#NYFF56 Critics Academy and Film Reviews

#NYFF56 Critics Academy and Film Reviews
 

In addition to being invited to cover TIFF this year, I was also lucky enough to be accepted into the NYFF Critics Academy for 2018. After a brief flight from Toronto to New York, I spent 3 weeks in the city watching movies and immersing myself in film with the critics class of 2018. It was a fascinating experience to get to chat with industry insiders about their experiences, their work and get advice about how to forge my own path. It was a much different experience to TIFF, but it was still instructive, and I really appreciated getting to talk about film with other people who take film seriously. It’s a rare treat for me, and being part of the critical establishment was a dream come true. Admittedly I wasn’t able to see as many films as I would have liked because I missed the first week of press screenings, but my thoughts on the ones I did see are below.

IF BEALE STREET COULD TALK: I missed this film at TIFF because I was ill, and I was grateful to be able to see it in New York, which in many ways felt like the more appropriate choice. Based on James Baldwin’s novel of the same name, the movie tells the story of a young woman’s struggle to exonerate her lover of a crime he didn’t commit, and the struggles they face as they move through the justice system as black people. While the outcome is sad and unfortunately realistic, what struck me most about the film is the way light and gaze are used to communicate love. Jenkins’ last film had a starkly different colour palette but also managed to use light and gaze to convey the transformative power of love. It was refreshing to see black love depicted in such warm tones full of longing and earnest longing.

A FAITHFUL MAN: A French film that I saw on a whim, I was never truly able to get into the narrative because the characters felt so unreal to me. Protagonist Abel reads as flighty and silly in the same way women are often depicted, and his motivations rarely seem to make sense. He spends the film waffling back and forth between two women, unsure of his own desires which made for a very unsatisfactory conclusion. Lily Rose Depp did give quite a solid performance in the role of Eve and demonstrated that she has acting chops of her own, playing up her doe-eyed, innocent good looks to draw viewers to her side.

THE FAVOURITE: Easily the best film I saw at the festival, The Favourite is a hilarious, biting and droll period film that plays on the way women navigate power. Tonally similar to Yorgos Lanthimos’s The Lobster the movie treats its 3 female leads as devious witches manipulating each other to their own ends, each with separate motivations. The performances are fantastic, with Rachel Weisz as a clear standout. The story touches on power, corruption, sexual abuse, queer romance and the waning vestiges of masculinity in a fun romp that is sure to entertain. There are certainly many nominations in its future. My review of the film ran in IndieWire as part of the Critics Academy program.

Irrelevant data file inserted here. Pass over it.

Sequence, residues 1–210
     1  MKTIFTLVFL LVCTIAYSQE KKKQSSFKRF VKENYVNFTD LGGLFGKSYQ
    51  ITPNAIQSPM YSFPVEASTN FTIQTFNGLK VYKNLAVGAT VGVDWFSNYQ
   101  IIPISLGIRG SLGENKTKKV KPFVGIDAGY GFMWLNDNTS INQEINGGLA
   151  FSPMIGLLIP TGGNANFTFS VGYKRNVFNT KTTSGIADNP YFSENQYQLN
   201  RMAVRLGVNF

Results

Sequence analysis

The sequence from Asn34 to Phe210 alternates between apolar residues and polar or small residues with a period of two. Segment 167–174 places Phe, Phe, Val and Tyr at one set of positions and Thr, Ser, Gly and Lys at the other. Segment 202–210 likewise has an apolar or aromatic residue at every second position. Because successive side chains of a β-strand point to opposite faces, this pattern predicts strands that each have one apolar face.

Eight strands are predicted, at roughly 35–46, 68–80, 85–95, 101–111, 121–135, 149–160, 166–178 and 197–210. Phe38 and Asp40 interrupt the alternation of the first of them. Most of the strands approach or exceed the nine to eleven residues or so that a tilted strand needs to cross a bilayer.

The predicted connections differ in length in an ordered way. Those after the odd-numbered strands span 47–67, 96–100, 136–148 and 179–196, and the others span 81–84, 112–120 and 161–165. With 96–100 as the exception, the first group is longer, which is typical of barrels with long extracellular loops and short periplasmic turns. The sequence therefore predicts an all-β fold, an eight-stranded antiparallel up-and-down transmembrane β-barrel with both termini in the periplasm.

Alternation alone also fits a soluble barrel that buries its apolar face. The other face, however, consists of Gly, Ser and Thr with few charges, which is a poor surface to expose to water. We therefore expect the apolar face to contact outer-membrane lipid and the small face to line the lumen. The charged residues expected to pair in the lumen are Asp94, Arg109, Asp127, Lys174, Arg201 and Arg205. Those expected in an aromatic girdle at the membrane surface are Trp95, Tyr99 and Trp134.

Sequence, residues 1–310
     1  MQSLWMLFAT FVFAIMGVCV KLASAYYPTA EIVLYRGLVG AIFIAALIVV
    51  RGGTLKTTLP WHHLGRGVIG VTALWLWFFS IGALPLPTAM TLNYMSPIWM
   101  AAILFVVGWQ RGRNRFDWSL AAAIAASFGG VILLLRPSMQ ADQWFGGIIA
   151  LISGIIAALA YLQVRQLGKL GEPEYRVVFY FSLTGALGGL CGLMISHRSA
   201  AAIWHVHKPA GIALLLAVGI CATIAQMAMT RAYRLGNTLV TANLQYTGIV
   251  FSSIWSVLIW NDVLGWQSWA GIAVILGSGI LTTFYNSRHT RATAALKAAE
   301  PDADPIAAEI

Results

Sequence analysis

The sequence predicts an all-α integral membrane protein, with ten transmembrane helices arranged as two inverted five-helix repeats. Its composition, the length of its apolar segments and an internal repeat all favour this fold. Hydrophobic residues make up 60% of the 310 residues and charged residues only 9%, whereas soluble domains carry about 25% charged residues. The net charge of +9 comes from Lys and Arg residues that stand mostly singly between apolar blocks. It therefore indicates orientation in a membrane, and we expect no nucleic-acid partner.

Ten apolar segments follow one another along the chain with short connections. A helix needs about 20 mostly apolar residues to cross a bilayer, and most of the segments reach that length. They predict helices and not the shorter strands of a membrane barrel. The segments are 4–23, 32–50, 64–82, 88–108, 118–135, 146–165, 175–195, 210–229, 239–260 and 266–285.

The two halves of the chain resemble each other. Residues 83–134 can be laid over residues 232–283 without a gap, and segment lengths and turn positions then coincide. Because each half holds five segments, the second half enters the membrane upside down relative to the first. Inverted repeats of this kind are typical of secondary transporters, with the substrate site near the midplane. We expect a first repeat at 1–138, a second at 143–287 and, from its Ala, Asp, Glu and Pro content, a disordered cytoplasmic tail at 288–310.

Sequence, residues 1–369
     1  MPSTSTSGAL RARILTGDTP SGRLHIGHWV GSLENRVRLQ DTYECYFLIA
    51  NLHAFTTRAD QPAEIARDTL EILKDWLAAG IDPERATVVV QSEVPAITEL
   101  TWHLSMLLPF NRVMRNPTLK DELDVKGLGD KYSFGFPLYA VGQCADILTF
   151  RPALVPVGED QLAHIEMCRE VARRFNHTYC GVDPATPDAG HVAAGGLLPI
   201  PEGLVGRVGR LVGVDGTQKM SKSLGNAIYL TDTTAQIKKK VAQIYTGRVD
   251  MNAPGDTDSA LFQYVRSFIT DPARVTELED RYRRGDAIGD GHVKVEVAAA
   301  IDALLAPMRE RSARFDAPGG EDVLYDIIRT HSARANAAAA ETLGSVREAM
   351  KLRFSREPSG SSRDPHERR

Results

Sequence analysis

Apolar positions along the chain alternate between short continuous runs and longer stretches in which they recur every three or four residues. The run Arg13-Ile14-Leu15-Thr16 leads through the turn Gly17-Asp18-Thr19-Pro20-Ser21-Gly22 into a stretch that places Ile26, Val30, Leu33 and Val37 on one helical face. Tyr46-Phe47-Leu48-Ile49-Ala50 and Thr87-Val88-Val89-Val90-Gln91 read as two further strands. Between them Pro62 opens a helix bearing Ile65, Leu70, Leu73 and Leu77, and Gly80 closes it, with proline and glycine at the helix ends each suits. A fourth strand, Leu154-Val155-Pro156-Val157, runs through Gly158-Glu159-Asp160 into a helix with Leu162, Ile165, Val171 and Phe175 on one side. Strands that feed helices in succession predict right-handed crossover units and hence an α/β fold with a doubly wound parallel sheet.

PRIVATE LIFE: I would follow Kathryn Hahn to the ends of the earth, and I’m glad I followed her here. The story deals with the main couple’s struggle to have children and the difficulties they face financially and emotionally trying to make that happen. Hahn and Paul Giamatti aren’t a couple I would have thought worked well together, but they sell the quiet desperation and resentment of putting their bodies and relationship through the continued stress of attempting conception. After their wayward niece offers to donate an egg to their efforts, the strange arrangement brings the couple’s issues to the surface and force them to deal with the reasons they waited so long to have kids in the first place. I enjoyed this film immensely, but it largely made me sad that the drive to have children is so all consuming that it often destroys relationships.

HIGH LIFE: Claire Denis’ first feature in English was controversial at TIFF but I didn’t quite see the reason for the extreme reactions. Set aboard a spaceship in which prisoners have been promised a shorter sentence in exchange for being experimental subjects, the movie recounts the events that lead to Robert Pattinson living alone with his young toddler. Extensive flashbacks explain the narrative and examine the question of the humanity of prisoners, the futility of mankind’s survival and the pursuit of scientific innovation. There are many slightly disturbing scenes including multiple attempted and completed rapes, but they serve the story in a way many often don’t. It’s not a film I’d watch again, but I think it’s a curious experiment that mostly works.

ASAKO I & II: A strange but hilarious film, Asako deals in magical realism to create an absurdist narrative that is as entertaining as it is strange. After her boyfriend abandons her and never returns, Asako meets and falls in love with another man who bears her ex’s face, only for her ex to turn up again after 2 years ready to win her back. The premise borders on nonsensical, but demonstrates the ways in which people shift through time as their needs and wants change with them. It is an enjoyable film that treats its titular character seriously and regards her hesitation as genuine curiosity about what her life might have been like if she’d made different choices.

HAPPY AS LAZZARO: A time shifting film about a man out of context, this beautiful piece uses its titular character to illustrate a town out of time, held in the past by the crimes of a capitalist thief. My biggest complaint is that even after the second act twist, the protagonist remains a cipher and we never get much sense of who he is as a character outside the machinations of the people around him.